- Z axis (front to back/in and out)
- A axis (rotation around X axis)
- B axis (rotation around the Y axis)
Whereas the 3 axis machines depend on X, Y, and Z axes to compute the level of detail it needs, 5 axis machines use those 3 axes plus the A axis and B axis to rotate the tool and/or the block of material.
Types of 5 Axis CNC Machining
There are three types of CNC machining strategically involving a 5 axis CNC machine: indexed machining, continuous machining, and mill-turn machining.
Indexed CNC Machining
With an indexed CNC machine, also known as 3+2 axis machining, cutting tools only move continuously along three axes, while the table that holds the block of material will swivel in two rotational axes. 4 axis machining, acting as 3+1 machining, is where the spindle tool moves on 3 axes (X, Y, and Z axes) and a table holding the material moves and rotates on the fourth axis, the A axis. The rotation makes the 4 axis CNC machine produce faster than a 3 axis, but still involves some manpower to reposition the material. Indexed machining is still more precise and efficient than a 3-axis machine, but not as fast as a tool on 5 axes because the tool intermittently touches the block piece.
Continuous CNC Machining
A continuous 5 axis machine lets the cutting tool move on all five axes to ensure that the tip of the tool maintains the same point on the block. The cutting tool maintains engagement with the material at all 5 machining angles even when the holding table moves, maximizing use of the entire workstation with much less manpower involved.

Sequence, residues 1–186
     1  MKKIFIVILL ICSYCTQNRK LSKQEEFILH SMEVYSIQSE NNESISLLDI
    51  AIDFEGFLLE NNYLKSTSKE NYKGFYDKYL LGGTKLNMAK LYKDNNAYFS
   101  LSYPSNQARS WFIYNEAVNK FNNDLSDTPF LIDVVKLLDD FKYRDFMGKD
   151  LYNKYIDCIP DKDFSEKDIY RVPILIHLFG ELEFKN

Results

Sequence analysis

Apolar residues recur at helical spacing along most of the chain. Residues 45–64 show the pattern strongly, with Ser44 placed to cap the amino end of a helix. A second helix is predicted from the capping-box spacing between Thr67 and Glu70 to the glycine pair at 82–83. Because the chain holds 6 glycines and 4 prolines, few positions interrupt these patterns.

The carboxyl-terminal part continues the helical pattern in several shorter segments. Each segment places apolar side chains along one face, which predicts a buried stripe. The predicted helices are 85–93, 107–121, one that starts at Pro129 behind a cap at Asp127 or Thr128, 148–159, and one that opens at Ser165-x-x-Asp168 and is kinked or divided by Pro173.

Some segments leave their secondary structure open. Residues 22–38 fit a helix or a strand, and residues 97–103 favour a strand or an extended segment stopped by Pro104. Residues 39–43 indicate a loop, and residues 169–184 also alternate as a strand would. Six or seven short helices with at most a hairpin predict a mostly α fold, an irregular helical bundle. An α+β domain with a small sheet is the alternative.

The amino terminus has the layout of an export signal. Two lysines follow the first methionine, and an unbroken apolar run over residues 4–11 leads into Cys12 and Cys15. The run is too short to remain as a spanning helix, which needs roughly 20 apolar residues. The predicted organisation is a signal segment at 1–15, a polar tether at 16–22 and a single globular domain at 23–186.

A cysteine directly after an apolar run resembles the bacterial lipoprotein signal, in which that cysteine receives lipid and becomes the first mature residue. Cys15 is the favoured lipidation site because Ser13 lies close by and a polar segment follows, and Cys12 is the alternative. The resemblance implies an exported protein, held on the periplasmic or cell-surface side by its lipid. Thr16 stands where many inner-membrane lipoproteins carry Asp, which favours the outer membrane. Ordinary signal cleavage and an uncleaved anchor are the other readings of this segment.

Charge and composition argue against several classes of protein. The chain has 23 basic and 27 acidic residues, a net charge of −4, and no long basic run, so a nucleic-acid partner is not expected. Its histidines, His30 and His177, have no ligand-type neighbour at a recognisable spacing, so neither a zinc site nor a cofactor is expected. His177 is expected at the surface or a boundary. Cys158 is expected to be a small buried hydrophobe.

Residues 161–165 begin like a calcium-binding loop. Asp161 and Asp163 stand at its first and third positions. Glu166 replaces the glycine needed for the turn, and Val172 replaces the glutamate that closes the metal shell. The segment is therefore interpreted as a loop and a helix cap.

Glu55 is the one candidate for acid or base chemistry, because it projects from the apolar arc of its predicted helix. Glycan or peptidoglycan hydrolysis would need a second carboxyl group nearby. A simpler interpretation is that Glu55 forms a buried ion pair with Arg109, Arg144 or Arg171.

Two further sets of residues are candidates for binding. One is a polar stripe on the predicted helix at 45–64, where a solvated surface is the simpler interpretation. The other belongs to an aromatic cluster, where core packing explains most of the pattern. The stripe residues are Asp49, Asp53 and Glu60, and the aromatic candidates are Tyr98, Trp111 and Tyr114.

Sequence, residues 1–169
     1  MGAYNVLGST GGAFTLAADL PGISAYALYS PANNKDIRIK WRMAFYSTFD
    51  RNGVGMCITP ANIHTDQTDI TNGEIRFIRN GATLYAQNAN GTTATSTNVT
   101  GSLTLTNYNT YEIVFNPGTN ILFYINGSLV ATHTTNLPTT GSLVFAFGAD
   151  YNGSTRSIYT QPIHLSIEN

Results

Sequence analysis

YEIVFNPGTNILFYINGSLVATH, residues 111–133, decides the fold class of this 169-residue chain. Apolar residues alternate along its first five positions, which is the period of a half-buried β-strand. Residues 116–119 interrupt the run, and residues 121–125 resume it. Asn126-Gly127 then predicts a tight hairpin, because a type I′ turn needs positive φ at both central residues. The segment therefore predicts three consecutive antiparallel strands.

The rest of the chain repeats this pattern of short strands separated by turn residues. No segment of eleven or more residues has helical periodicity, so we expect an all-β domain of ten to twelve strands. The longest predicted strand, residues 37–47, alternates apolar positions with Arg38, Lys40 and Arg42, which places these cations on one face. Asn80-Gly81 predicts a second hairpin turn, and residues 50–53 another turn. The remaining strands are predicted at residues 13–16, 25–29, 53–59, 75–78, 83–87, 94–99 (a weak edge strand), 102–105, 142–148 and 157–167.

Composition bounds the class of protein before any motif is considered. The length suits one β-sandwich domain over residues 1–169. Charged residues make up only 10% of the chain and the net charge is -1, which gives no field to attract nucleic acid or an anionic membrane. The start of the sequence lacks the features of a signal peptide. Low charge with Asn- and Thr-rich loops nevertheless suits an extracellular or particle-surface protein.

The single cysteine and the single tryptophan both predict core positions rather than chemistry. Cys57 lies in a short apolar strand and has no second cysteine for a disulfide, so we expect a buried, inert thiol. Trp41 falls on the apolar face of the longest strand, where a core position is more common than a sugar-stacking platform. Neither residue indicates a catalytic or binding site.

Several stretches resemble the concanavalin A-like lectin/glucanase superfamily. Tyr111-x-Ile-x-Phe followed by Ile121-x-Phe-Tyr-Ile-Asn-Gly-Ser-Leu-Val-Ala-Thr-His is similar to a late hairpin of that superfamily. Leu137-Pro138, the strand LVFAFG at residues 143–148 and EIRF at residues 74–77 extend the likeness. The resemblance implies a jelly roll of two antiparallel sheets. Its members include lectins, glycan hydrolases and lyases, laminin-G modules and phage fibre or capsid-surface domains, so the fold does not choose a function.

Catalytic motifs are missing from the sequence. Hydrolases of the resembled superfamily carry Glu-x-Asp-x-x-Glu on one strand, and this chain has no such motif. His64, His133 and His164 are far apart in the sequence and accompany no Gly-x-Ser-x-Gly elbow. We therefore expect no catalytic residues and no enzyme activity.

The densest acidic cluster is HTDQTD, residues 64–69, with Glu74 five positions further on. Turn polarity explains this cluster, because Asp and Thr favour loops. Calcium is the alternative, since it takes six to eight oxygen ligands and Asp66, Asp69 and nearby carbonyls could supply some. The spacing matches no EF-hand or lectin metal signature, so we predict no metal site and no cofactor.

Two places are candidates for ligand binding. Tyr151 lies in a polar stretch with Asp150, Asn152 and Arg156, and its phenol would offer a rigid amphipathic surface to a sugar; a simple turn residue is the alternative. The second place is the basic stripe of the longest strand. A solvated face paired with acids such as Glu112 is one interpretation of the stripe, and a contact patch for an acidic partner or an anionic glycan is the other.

Mill-Turn CNC Machining
Mill-turn machining is when a block has the continuous ability to rotate while the cutting tool mills the block from all five rotational axes, becoming a hybrid machine that is by far the most efficient type of CNC machining.
CNC Turning and CNC Milling
5 axis CNC machining consists of milling and turning processes. A CNC milling machine uses rotating precision tools on various axes while holding the block of raw material in place. The milling machine receives the code to remove material from the solid block on the five axes whether or not the block moves with the cutting tool. The milling process can handle more complex detail in a part or product whereas turning is optimal for producing round or cylindrical shapes.